Scientist of the Day - Karel Absolon
Karel Absolon, a Czech archaeologist, was born June 16, 1877. Absolon was curator of the Moravian Museum in Brno (the same city where Gregor Mendel lived and conducted his pea-hybrid experiments in the 1850-60s). In July of 1925, Absolon and his archaeological team discovered a Venus figurine at Dolní Věstonice, a site south of Brno, in what was then Moravia, and is now the Czech Republic (first image). The first Venus figurine had been found in 1864 (and was affectionately called the Venus impudique), and since then a number of others had been unearthed, each named after the place of discovery: the Venus of Menton (1880s), the Venus of Willendorf (1908), and the Venus of Lespughe (1922), to name and link to just a few.
Venus figurines date from 25,000 to 31,000 years ago, from what is known as the Gravettian culture or Gravettian industry of Europe. They portray the female human form with enlarged breasts, hips, and belly, and were possibly used as fertility totems by Upper Paleolithic peoples. The Venus of Dolní Věstonice (pronounced Dohl-nee Ves-toe-NEE-zay) is distinguished in two ways: it was fashioned about 30-31,000 years ago, making it (with one exception) the oldest such figurine known, and it is ceramic, made of fired clay. This makes it the oldest piece of pottery in the world (although we should include under that rubric the many other pottery fragments found at Dolní Věstonice). In fact, it is the oldest example of a fired ceramic by about 10,000 years, so it is a rather remarkable object in many ways. It is kept in the same Museum in Brno where Absolon worked (third image), and they are so proud of their Venus that they hardly ever put her on display. The last time she made a public appearance was at an exhibition in Vienna in 2008. This seems like overly-protective behavior, rather like keeping the Mona Lisa in the vault all the time. This video will put you in her company for a short while, and it includes several maps that you may find useful, but except for the opening 20 seconds, most of the still photos are of replicas, not the original. You can always identify the original Venus of Dolní Věstonice, because she was broken in two when discovered, and is held together by a delicate nylon monofilament. The replicas are all in one piece. I own a replica (sixth image, below). I should perhaps wrap a piece of fishline around her middle and see who notices.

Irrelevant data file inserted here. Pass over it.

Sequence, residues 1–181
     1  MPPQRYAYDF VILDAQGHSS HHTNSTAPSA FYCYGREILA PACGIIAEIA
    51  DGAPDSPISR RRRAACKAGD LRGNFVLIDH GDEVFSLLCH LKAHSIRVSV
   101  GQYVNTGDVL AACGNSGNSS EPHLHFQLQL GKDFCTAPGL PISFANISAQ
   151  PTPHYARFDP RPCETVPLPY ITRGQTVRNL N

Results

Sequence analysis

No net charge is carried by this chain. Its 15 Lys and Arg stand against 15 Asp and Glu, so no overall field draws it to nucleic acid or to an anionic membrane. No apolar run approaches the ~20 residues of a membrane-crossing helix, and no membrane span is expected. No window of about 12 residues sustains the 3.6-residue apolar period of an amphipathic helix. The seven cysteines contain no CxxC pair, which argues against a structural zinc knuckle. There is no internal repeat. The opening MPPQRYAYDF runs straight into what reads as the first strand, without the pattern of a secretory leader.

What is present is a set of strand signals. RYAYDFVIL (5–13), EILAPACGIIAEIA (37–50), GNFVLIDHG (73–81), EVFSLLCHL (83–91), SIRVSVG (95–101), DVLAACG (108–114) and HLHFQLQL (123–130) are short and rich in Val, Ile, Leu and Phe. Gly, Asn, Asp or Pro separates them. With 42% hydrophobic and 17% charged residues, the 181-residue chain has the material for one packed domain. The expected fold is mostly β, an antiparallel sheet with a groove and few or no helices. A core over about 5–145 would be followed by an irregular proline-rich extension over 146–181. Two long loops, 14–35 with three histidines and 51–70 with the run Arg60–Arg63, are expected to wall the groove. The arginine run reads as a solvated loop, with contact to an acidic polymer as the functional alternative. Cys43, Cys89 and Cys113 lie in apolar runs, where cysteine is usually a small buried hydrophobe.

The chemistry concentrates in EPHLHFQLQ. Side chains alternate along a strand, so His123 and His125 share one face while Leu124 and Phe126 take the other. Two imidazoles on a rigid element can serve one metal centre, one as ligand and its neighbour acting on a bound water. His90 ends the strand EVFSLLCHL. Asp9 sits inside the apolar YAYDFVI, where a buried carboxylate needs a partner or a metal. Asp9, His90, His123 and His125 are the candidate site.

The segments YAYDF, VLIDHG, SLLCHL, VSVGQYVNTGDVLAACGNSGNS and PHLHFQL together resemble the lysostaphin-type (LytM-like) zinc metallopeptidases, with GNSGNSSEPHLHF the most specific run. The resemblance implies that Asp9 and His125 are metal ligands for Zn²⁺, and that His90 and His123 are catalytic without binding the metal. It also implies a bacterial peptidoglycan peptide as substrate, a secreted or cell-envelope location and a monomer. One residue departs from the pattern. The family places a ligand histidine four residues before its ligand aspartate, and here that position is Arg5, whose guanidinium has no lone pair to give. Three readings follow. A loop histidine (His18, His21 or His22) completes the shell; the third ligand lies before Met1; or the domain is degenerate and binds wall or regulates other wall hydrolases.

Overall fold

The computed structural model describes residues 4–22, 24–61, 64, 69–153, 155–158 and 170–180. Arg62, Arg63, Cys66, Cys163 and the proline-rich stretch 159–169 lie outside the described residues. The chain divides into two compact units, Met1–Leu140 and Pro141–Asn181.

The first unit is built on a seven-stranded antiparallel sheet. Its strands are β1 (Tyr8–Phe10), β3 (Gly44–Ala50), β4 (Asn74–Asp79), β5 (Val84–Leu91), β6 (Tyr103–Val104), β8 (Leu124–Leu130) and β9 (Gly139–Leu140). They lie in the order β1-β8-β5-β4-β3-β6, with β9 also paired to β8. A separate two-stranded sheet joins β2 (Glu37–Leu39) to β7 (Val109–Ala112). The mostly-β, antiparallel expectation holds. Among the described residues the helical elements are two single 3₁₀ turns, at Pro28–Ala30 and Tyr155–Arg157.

You may have noticed that, except for the video, all of the image links in this post, and three of the images we show here, come from the same site, Don’s Maps. I could have used the images from Wikipedia, which has an article on each of the Venus figurines mentioned here, but I thought Don’s Maps deserved mention, and besides, the images there are better. Here is the page on the Venus of Dolní Věstonice. Don Hitchcock is a retired Australian schoolteacher and amateur archaeologist whom I have never met, but his website. which he runs and maintains all by himself, is a terrific resource on matters archaeological. As far as I can tell, he has been everywhere in Europe, camera in hand, so that many of the photos on his website are his, but just as many of the images shown are ones that he has culled from elsewhere on the web or from printed sources. If you would like to know more about Venus figurines, here is his master page, with well over 80 entries. Click on any one, and you will be taken to a page on that particular Venus, with a bevy of images and factually accurate text. And there is no glitz whatsoever, except for the inherent splendor of the displayed objects. And no ads!
Three years ago, on this date in 2020, I wrote a version of this notice, but the Library, under its COVID 19 protocol, had pared the Scientist of the Day down to three posts a week, and this post was not published. So I sent it out as an email to a subscription list I have, and I also sent it to Don Hitchcock, so that he would know that someone was talking about him. I received a long, chatty letter back, in which he explained how the website evolved and how and why it is different from more conventional archaeological websites, mainly in providing information that is intelligible to a lay audience, and yet fully supplied with sources and references, especially for all the images. I liked him immediately, since we have exactly the same goals in our public outreach. He also mentioned that when he was in Brno, his spoken English and French, and his wife’s German, were of no use whatsoever – it was Czech or nothing. Remember that, if you go visit the Brno Museum. One would think that the 100th anniversary of the discovery of the Venus of Dolní Věstonice, on July 13, 2025, would bring the ceramic Venus out of hiding and into the public eye once again.
Actual-size replica of the Venus of Dolní Věstonice, author’s collection (photo by the author)
Don’s Maps has been on the web for nearly 30 years, and it is still actively maintained by Don, as you will see if you look at this page on recent additions and changes, with the latest entry being made just last month. You can also see a photo of Don on top of the Musée de l'Homme in Paris.
And should you like to follow Don on one of his many bike trips, or learn how to explore the Australian bush on foot, or even how to build mortared stone walls in the Australian outback, you can do that as well. Don’s Maps is one of the great old-school internet resources. May it stay in place for a long, long time!
William B. Ashworth, Jr., Consultant for the History of Science, Linda Hall Library and Associate Professor emeritus, Department of History, University of Missouri-Kansas City. Comments or corrections are welcome; please direct to email@example.com.